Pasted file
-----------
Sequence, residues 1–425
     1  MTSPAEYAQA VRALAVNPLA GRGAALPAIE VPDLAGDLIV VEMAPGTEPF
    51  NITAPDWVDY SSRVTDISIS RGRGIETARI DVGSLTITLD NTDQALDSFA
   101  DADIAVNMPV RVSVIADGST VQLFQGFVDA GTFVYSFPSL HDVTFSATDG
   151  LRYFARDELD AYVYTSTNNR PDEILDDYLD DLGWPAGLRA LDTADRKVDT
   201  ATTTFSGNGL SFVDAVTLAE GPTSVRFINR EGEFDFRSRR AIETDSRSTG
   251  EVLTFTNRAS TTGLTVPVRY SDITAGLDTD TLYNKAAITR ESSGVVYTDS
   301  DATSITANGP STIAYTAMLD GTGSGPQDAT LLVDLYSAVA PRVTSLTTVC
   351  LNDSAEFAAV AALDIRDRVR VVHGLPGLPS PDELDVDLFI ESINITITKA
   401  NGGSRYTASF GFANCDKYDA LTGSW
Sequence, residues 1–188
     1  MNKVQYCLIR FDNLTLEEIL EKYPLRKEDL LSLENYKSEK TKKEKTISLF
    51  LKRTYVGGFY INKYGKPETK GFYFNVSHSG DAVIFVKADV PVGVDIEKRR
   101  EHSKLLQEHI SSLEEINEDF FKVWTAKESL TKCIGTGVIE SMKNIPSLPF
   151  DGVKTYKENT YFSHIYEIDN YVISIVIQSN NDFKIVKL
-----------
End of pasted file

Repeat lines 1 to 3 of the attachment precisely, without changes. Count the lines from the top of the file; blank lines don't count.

Sequence, residues 1–425
     1  MTSPAEYAQA VRALAVNPLA GRGAALPAIE VPDLAGDLIV VEMAPGTEPF
    51  NITAPDWVDY SSRVTDISIS RGRGIETARI DVGSLTITLD NTDQALDSFA